Review: The Record provides commonality and humanity at Bristol Old Vic

10th February 2017

Image: Maria Baranova

The Record arrives at Bristol Old Vic as the UK debut of New York company 600 HIGHWAYMEN’s critically acclaimed, searingly creative show. 45 Bristolians – who have never met before stepping on to the stage for the first performance – create an assemblage of dance, movement, submission and provision.

The Record captures the unique singularity of us all: breakable, magnificent, and inescapably human. Each of the performers of The Record rehearsed individually and have not met or stood on a stage together prior to the performance.

As a record crackles and a lone cellist plays over the top, performers appear on stage to strike poses, run in circles and stand at angles to one another. One of the first moments involves a male performer falling backwards into the arms of another – a classic trust exercise which is tricky enough to complete with someone you know, let alone a stranger who you’re not sure is instructed to catch you.

The premise could descend into gimmick if not handled well. Enjoyment of the show also relies on knowing the premise – it would be too stark and unintelligible without it. However, what is produced is a triumph of the abstract and ambitious. Commonality and humanity are exuded through the developing on-stage group hallucinations – it is perhaps too obvious to make the link between such a coming-together and the brutal divisiveness spat out by Trump and his cronies, but the signals are there nonetheless. Let The Record state that we are in a common pool, acting individually to create a synthesis of movement.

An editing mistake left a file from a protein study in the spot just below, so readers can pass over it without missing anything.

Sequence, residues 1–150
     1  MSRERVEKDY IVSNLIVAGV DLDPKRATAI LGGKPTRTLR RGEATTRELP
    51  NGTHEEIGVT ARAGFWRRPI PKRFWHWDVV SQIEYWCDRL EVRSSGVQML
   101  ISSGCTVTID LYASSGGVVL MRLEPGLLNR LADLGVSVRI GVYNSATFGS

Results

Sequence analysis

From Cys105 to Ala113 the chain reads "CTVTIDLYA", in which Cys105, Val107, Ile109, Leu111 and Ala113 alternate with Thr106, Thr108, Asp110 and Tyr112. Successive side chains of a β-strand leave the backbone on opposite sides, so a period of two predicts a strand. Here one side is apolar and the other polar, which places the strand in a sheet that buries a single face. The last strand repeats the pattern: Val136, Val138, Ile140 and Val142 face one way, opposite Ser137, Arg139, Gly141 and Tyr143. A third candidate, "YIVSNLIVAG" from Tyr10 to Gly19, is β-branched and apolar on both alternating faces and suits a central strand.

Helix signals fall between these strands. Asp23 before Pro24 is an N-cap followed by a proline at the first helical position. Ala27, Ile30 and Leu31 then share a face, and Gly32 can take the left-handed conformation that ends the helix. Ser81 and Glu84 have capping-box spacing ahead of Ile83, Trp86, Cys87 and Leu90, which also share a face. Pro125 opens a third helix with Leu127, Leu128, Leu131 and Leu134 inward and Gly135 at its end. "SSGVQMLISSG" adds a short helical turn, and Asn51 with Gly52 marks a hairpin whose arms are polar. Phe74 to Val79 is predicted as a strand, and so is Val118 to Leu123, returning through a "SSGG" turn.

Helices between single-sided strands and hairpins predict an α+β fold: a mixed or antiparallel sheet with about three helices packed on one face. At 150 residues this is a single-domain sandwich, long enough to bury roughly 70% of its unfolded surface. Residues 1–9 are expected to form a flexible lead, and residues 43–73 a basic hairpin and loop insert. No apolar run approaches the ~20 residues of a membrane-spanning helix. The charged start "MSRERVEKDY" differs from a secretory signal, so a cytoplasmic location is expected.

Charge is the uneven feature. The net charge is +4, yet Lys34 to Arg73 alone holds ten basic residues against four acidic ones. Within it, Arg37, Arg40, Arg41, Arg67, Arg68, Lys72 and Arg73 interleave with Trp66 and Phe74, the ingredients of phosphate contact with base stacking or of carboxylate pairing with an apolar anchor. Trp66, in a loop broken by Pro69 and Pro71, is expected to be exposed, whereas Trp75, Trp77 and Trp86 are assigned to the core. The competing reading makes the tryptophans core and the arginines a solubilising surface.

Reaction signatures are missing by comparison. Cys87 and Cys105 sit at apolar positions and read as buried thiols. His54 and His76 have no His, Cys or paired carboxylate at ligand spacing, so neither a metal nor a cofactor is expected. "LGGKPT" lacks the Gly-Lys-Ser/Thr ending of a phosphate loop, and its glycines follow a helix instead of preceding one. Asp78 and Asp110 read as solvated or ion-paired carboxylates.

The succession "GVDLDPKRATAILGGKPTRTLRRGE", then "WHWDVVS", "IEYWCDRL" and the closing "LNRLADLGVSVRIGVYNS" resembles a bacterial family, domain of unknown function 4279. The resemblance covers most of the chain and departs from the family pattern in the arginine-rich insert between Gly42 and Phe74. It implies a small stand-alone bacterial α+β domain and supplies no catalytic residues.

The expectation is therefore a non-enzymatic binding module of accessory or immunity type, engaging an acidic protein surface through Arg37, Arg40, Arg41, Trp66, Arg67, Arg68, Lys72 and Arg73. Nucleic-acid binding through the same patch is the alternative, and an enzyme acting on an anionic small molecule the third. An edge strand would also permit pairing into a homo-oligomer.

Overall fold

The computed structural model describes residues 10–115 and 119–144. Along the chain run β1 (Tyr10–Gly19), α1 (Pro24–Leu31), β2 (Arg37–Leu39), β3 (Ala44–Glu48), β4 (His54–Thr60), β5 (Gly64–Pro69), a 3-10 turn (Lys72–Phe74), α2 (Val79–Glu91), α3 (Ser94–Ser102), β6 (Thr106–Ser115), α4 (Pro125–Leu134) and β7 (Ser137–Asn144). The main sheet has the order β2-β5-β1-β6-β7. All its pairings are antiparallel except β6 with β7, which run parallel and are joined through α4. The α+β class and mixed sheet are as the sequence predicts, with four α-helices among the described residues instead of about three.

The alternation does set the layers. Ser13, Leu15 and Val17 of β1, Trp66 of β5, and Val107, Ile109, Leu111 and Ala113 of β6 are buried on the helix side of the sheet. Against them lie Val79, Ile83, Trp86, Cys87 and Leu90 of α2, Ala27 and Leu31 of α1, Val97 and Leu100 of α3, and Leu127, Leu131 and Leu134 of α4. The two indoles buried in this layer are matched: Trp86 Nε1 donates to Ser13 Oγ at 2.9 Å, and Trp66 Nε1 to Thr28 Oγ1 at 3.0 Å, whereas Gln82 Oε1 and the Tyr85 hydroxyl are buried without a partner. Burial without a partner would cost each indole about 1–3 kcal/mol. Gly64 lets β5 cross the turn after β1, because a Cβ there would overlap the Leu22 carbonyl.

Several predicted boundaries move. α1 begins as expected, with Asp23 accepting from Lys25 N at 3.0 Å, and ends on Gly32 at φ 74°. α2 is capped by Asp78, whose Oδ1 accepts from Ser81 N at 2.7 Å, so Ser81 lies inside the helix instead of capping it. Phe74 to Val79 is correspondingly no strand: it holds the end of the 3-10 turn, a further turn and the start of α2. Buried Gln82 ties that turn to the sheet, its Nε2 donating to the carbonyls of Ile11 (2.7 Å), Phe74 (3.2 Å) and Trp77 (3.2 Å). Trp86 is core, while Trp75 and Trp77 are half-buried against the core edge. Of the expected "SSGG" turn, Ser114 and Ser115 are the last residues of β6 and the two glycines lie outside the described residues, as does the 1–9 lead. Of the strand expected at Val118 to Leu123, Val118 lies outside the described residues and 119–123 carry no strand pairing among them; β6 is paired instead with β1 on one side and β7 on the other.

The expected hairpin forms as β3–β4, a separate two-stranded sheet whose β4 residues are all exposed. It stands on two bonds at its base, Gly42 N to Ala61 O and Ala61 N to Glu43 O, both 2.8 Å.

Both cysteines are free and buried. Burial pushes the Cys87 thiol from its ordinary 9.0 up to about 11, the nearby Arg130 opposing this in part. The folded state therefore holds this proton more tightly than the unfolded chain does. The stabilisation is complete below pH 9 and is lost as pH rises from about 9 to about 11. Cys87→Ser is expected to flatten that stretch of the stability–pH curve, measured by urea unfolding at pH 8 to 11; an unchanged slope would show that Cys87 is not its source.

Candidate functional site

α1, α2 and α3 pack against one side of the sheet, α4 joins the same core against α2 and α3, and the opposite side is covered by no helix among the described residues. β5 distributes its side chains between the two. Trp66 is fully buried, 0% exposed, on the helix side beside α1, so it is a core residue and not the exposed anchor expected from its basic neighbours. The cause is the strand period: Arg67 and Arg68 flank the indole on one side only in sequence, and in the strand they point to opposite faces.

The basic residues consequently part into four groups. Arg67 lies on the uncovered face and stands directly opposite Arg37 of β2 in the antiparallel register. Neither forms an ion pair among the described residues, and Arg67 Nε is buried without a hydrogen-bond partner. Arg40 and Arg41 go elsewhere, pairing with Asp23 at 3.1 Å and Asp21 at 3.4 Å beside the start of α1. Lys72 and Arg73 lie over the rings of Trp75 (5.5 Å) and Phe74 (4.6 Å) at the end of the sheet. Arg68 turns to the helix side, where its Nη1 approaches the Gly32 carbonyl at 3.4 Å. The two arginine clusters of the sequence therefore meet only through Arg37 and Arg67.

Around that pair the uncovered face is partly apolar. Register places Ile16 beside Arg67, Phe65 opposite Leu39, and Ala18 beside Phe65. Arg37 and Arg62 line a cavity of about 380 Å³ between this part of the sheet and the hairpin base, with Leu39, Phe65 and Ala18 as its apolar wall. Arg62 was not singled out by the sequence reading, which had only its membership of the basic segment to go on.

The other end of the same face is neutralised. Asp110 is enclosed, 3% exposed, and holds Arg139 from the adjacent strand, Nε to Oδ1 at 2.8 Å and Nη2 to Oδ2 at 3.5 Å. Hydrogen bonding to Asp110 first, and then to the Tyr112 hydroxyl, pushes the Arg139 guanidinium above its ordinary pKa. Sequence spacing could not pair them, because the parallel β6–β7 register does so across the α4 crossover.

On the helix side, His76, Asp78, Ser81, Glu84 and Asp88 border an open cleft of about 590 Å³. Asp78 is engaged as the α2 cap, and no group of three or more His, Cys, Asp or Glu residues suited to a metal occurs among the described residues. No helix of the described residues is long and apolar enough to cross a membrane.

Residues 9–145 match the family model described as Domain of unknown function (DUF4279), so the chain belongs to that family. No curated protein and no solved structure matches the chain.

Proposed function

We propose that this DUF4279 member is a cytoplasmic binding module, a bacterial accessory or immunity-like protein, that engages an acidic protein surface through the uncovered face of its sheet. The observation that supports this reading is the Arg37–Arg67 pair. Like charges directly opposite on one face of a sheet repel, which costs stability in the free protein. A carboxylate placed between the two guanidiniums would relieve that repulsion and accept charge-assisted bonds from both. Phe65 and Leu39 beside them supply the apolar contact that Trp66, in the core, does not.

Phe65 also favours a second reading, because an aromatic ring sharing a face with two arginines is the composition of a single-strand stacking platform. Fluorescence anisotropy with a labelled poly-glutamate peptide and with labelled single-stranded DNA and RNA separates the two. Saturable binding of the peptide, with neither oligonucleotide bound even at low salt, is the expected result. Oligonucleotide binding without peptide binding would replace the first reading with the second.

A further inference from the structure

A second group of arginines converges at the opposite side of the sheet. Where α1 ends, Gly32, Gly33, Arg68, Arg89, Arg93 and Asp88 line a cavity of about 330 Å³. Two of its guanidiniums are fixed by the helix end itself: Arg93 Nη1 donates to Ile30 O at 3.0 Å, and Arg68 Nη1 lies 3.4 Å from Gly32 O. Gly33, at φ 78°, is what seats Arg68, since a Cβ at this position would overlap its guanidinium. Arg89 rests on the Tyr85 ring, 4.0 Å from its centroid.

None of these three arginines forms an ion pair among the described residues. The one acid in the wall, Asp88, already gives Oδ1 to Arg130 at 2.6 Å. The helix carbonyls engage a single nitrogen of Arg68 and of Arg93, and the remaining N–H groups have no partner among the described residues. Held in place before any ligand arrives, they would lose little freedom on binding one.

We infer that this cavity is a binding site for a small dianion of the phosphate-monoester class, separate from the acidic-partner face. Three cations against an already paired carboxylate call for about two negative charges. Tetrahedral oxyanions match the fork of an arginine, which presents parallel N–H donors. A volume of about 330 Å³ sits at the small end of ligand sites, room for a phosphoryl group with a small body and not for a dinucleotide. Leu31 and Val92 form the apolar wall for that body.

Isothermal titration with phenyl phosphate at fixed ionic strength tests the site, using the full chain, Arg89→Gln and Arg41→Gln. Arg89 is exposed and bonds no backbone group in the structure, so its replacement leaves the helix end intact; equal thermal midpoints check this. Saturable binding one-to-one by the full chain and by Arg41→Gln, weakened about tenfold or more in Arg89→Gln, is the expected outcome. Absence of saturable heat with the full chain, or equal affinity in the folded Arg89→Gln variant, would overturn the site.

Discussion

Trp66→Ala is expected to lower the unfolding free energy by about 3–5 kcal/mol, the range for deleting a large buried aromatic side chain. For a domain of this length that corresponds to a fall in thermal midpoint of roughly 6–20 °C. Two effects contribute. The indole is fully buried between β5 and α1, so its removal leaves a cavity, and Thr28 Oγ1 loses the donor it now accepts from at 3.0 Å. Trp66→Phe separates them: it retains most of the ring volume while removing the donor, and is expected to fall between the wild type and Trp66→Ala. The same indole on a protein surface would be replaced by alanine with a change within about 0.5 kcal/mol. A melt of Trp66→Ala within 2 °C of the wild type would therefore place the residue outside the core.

It is also terrific to see local people performing on stage. Children look excited to be up there, and at some moments look fit to explode. There are the odd smirks at one another, and glances into the audience. Ironically, it is the performers themselves who have the smallest idea of the whole that they have been a part of – it is only when they step back towards the end that they get to have a proper look at each other. It must be so exhilarating for them when their lone movement fits into the greater phenomenon. It is perhaps this element above all that makes The Record such an intense show.

Conal Dougan